The Reason Why Some Cats Have Saggy Bellies


Why DO cats have saggy bellies?

Is my cat a just a fat cat? Or is there another reason for cat walks with a saggy belly?

The primordial pouch is the technical term for a cat's saggy belly. This belly flap was designed to help protect vital organs when cats get into a fight with predators!

Dr. Travis Foster explains in detail below. This pouch of saggy skin is just in front of the hind legs and fairly common in cats. Cats will "bunny kick" with their back legs during a fight, and this extra skin on your cat's stomach gives your cat's ribs and internal organs an extra layer of protection.

Why Do Cats Have a Saggy Belly?

Small cat laying on its back


"This bit of loose skin and padding at the belly provides extra protection and insulation to your cat during fights when a cat's practice of "bunny kicking" with the rear paws could result in severe abdominal injury to their opponent. In fact, cats have excess skin covering the entire body which helps them squirm out of the grasp of other predators." - Dr. Travis Foster, via Mactaggart Veterinary Clinic's Facebook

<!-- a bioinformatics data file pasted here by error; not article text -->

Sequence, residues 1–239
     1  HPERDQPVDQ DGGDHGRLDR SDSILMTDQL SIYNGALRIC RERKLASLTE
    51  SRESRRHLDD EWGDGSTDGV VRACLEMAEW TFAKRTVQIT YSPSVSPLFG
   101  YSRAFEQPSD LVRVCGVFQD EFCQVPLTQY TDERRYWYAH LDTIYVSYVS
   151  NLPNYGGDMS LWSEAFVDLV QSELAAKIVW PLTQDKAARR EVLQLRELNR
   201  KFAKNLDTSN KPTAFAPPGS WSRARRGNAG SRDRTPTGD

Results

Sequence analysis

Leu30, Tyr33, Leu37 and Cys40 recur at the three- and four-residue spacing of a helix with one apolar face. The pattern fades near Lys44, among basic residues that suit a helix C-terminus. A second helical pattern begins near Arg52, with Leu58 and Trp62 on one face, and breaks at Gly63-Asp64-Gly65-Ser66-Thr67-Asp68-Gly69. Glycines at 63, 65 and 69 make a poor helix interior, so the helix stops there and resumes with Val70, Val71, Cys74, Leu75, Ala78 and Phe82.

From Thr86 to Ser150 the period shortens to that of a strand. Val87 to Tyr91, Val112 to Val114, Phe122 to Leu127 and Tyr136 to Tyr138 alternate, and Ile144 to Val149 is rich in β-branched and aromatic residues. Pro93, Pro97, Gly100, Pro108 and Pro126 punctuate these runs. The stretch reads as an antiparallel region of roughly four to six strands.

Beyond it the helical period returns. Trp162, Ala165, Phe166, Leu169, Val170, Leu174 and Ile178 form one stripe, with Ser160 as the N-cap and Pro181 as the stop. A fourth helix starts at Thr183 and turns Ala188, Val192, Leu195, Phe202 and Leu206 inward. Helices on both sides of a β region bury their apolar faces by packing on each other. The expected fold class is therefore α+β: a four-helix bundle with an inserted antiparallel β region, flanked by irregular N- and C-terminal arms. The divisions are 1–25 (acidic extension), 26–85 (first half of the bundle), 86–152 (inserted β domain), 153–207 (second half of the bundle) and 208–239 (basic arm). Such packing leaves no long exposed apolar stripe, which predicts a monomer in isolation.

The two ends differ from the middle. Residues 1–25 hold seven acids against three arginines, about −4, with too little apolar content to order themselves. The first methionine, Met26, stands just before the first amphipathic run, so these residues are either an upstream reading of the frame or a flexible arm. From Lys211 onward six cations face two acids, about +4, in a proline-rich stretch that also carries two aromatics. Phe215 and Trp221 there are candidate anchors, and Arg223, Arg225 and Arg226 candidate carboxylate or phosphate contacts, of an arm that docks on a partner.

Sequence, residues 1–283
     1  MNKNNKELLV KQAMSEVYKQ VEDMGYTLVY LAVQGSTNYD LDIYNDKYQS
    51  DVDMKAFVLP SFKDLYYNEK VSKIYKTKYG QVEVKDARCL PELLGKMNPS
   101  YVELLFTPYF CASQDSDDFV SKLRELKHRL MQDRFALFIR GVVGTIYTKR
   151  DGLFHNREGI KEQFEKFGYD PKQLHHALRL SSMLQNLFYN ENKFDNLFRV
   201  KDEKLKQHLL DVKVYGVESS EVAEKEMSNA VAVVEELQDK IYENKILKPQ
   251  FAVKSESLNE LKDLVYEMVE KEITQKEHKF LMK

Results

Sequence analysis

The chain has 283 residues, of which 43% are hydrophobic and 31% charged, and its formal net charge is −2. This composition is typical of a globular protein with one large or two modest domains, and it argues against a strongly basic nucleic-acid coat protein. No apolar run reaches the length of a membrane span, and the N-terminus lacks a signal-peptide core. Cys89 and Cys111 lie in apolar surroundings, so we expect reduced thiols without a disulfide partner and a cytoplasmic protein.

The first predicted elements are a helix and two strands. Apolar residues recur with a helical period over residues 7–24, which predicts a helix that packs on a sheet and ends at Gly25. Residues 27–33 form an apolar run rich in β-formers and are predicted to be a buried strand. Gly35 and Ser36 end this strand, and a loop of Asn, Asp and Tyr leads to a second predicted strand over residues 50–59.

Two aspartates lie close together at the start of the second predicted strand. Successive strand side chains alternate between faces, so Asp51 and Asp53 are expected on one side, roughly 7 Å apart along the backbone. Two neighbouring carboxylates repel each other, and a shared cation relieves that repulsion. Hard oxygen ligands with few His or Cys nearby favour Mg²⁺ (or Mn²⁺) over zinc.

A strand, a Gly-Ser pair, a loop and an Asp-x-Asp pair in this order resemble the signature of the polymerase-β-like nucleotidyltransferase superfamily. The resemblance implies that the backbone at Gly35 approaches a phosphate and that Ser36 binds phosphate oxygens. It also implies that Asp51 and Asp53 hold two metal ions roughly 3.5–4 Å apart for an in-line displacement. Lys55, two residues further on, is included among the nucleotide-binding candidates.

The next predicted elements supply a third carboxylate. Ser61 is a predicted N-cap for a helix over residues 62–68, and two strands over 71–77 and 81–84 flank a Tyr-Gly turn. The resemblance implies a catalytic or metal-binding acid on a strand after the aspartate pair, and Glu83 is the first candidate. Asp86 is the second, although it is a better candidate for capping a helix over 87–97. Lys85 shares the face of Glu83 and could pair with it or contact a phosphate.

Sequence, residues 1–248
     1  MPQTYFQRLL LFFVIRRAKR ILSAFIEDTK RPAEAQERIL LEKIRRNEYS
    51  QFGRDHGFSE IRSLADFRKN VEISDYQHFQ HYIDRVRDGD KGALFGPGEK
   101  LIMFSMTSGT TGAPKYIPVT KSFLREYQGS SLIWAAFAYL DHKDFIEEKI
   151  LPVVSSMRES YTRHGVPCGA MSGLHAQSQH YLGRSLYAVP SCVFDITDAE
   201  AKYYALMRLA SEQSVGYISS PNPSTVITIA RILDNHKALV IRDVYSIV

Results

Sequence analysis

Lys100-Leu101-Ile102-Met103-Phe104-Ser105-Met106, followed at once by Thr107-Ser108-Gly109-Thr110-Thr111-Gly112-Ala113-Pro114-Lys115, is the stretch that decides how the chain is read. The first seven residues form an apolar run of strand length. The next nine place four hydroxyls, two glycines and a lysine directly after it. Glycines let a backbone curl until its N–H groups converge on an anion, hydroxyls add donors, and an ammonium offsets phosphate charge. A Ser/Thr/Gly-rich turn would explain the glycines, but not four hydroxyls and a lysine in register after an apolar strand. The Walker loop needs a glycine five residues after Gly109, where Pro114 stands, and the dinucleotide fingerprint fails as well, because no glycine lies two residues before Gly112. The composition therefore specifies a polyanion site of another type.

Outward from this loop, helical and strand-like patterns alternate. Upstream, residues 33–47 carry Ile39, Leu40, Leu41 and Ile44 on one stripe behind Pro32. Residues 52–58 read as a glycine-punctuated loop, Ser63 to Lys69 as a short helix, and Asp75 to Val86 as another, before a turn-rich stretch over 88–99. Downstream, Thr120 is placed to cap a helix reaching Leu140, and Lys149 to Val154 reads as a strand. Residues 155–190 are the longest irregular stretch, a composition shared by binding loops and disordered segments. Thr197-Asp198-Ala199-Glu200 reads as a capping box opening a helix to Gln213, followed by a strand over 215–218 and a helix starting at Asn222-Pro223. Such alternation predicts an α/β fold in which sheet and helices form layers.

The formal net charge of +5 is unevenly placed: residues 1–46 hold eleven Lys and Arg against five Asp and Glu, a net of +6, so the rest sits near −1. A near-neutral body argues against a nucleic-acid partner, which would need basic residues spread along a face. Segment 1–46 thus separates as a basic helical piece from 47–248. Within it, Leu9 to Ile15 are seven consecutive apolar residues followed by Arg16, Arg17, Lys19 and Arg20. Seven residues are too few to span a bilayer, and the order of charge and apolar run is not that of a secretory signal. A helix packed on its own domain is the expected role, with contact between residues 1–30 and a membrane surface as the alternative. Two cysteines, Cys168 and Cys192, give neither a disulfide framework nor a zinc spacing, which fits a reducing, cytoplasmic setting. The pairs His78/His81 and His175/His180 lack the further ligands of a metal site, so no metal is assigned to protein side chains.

Now cat owners should always be watching to ensure your cat remains at a healthy weight too but don't panic when you see this hanging belly as it has a very specific purpose. Talk to your vet if you think that pouch is storing some extra fat in your cat's saggy belly!

Playful cat shows its tells us that this flap of skin and fat often feels like a half-full water balloon and you can also observe this feature on some big cats or wild cats like lions and tigers.

"It's also theorized that in our cats' wild ancestors, the flap allowed the stomach to stretch to hold extra food when necessary, such as when gorging after a large kill in the wild."

During my time as a certified vet tech, I learned that another function of the cat's primordial pouch is to allow the domestic cat the ability to fully stretch into those yoga poses you often see them do throughout the day.

Did you know this about a cat saggy belly? Let us know on the Wide Open Pets Facebook page!


This post was originally published on September 11, 2019.

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